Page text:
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I agree completely with the first answer. But I would like to add just a little bit to that answer.
You certainly have to take culture into account when the word in one language does not translate to the other language. But you also have to be very careful in understanding the nuances of various words that all mean the same thing. Many words have very similar denotations (dictionary meanings) but very different connotations (meanings that people understand).
For example, I remember embarrassing some friends of mine when I used the wrong word for "thanks" or "thankfulness" (in Japanese) when speaking to them. It made them uncomfortable because I used a word that conveyed too much thanks for the situation. The same thing happens when you are translating, rather than just talking.
Translation is always a cultural process and it is nothing but a dialogue between two cultures at the level of language. It establishes a relation between the host and the target language and language is a kind of carrier of culture.
Translation opens up cross-cultural dialogues and if studied diachronically, it also goes to show the tradition of a culture and its transmutation in course of years through the evolution of its language.
Another important way to look at this interface is the role of translation vis-a-vis the imperialist hegemony of culture whereby translators operate as mimic-men or mediators between the colonizer and the colonized. But as recent postcolonial thought has gone on to show, translation has a complex political process which may well turn out to be subversive where a translation may as well be used to counter colonial hegemony of culture.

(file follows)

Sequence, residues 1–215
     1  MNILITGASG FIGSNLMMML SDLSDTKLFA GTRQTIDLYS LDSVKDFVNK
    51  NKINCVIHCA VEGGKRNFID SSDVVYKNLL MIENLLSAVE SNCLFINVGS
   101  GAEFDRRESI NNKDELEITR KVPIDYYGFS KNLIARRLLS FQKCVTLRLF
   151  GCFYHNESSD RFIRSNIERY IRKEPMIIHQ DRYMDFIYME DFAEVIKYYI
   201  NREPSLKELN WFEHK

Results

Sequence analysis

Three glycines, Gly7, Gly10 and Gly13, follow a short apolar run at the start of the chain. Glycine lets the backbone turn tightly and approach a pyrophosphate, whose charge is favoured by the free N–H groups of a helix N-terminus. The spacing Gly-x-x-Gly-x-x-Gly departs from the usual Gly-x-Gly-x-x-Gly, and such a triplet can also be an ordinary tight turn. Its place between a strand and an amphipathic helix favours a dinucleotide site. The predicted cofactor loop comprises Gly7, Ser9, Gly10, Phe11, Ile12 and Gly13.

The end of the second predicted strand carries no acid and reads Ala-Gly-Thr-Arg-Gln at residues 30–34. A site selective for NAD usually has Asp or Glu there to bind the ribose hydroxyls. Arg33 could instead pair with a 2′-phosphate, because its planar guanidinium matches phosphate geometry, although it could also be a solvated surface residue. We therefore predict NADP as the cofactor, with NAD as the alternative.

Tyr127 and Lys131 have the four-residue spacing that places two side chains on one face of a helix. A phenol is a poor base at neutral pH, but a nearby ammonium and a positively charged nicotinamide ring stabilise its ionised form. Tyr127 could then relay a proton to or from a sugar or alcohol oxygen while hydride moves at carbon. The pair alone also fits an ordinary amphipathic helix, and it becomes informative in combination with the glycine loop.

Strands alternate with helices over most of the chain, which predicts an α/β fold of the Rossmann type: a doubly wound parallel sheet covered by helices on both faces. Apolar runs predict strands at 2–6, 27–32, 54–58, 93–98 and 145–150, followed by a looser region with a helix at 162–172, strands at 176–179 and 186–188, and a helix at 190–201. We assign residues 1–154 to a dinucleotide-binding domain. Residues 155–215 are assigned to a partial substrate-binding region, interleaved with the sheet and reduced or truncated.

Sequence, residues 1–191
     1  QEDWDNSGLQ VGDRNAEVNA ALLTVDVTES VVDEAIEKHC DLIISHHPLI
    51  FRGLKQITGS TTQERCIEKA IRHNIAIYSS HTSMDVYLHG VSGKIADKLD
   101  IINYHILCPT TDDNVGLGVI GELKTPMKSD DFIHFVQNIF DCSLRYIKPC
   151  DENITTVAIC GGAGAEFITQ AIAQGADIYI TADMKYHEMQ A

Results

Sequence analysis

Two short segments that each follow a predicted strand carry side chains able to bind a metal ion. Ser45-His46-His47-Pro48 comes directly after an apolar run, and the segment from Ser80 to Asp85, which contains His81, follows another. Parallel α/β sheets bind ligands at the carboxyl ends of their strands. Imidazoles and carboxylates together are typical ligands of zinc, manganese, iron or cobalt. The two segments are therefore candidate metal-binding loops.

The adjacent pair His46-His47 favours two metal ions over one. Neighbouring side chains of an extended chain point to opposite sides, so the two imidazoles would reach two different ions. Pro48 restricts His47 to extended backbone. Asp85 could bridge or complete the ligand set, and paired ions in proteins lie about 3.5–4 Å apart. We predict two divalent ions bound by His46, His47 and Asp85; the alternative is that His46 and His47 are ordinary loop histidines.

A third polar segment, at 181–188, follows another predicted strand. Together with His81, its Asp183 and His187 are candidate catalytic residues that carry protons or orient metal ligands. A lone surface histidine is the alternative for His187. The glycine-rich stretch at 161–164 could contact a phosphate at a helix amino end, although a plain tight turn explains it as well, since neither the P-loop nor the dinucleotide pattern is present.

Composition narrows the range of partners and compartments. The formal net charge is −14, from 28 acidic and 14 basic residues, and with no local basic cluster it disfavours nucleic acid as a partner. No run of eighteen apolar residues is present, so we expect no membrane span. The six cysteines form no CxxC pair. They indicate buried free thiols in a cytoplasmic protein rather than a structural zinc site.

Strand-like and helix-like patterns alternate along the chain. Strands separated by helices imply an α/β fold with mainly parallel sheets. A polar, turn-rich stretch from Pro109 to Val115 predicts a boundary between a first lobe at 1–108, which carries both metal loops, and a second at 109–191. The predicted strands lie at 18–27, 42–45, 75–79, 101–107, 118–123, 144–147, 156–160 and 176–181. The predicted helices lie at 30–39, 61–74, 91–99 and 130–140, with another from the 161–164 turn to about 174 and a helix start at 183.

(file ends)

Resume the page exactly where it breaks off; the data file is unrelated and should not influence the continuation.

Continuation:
One of the most important considerations in translating something is: What happens when a word has no translation to the language you are translating into? When one understands that not everything translates perfectly, then one must consider intention, tone, and other factors. It's not simply translating words, but rather ideas from one culture to the next. Also many cultures have similar traits, such as an introduction, but the techniques or characteristics, a handshake, a bow, are different. The most important cultural considerations are ideas, meanings, and intentions. That is something that can be problematic but takes years of experience to determine.
It is very important when translating to understand the idiums of the language. Also, in some cultures one word may have many meanings and change with intonation or action. You cannot translate correctly if you do not have a full understanding of the culture and language.
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